Ruptured Abdominal Aortic Aneurysm: The Role of the Emergency Department & a New Quality Measure Live & Enduring Webinar with CME


Host: American College of Emergency Physicians


12:00 PM - 1:00 PM Central time

A patient who presents with a possible rAAA is therefore a time-sensitive emergency, and prompt recognition of this rare condition can clearly save lives. Rapid bedside ultrasound can also screen for this condition. The US Preventive Services Task Force recommends screening of all men over the age of 65 who have ever smoked and selectively in women and men who have never smoked. However, such screening occurs in only 4-26% of appropriate individuals, with disparity in individuals of color and lower socioeconomic conditions – the very population often treated in emergency department. Finding an aneurysm early allows for proper monitoring of its size and elective surgical stent placement (with a very low mortality/morbidity) once the size reaches the established threshold.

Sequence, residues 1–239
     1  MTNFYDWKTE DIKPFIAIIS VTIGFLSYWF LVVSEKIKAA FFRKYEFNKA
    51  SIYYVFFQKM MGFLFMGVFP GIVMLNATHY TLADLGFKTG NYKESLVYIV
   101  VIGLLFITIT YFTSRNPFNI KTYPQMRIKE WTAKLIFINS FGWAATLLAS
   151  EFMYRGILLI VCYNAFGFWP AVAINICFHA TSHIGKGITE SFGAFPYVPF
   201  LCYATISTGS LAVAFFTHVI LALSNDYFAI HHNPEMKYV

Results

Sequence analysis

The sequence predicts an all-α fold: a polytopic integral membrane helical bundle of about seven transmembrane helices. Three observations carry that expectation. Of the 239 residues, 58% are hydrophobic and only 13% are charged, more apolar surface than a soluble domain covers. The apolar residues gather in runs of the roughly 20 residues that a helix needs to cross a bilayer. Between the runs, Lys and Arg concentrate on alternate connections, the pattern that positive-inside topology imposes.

Rapidly identifying patients with rAAA increases their chance of survival. While CT scanning can also identify rAAA or the presence of an aneurysm, it is more costly, more time consuming and exposes the individual to significant radiation.
ACEP worked with the Gordon and Betty Moore Foundation to develop a quality measure for the rare rAAA diagnosis that will be ready for implementation on ACEP’s national registry. The measure will not only help with the rapid identification of rAAA cases, increasing their chances of survival, but also provide a screening tool for AAA cases.

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